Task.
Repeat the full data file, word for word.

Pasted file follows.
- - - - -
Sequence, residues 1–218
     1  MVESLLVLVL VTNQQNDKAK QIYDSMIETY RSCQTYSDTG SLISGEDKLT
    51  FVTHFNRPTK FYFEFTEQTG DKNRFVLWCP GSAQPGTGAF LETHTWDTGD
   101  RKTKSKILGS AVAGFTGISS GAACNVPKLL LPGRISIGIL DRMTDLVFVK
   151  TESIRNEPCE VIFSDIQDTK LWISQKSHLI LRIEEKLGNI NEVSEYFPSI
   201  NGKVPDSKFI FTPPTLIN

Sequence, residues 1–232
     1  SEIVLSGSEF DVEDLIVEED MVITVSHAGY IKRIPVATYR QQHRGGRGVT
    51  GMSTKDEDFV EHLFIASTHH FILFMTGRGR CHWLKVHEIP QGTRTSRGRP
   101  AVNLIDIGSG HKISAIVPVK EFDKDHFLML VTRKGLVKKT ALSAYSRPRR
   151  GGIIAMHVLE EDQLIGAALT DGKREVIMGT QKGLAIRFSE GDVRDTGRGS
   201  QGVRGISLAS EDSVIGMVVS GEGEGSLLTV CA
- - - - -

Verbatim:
Sequence, residues 1–218
     1  MVESLLVLVL VTNQQNDKAK QIYDSMIETY RSCQTYSDTG SLISGEDKLT
    51  FVTHFNRPTK FYFEFTEQTG DKNRFVLWCP GSAQPGTGAF LETHTWDTGD
   101  RKTKSKILGS AVAGFTGISS GAACNVPKLL LPGRISIGIL DRMTDLVFVK
   151  TESIRNEPCE VIFSDIQDTK LWISQKSHLI LRIEEKLGNI NEVSEYFPSI
   201  NGKVPDSKFI FTPPTLIN

Sequence, residues 1–232
     1  SEIVLSGSEF DVEDLIVEED MVITVSHAGY IKRIPVATYR QQHRGGRGVT
    51  GMSTKDEDFV EHLFIASTHH FILFMTGRGR CHWLKVHEIP QGTRTSRGRP
   101  AVNLIDIGSG HKISAIVPVK EFDKDHFLML VTRKGLVKKT ALSAYSRPRR
   151  GGIIAMHVLE EDQLIGAALT DGKREVIMGT QKGLAIRFSE GDVRDTGRGS
   201  QGVRGISLAS EDSVIGMVVS GEGEGSLLTV CA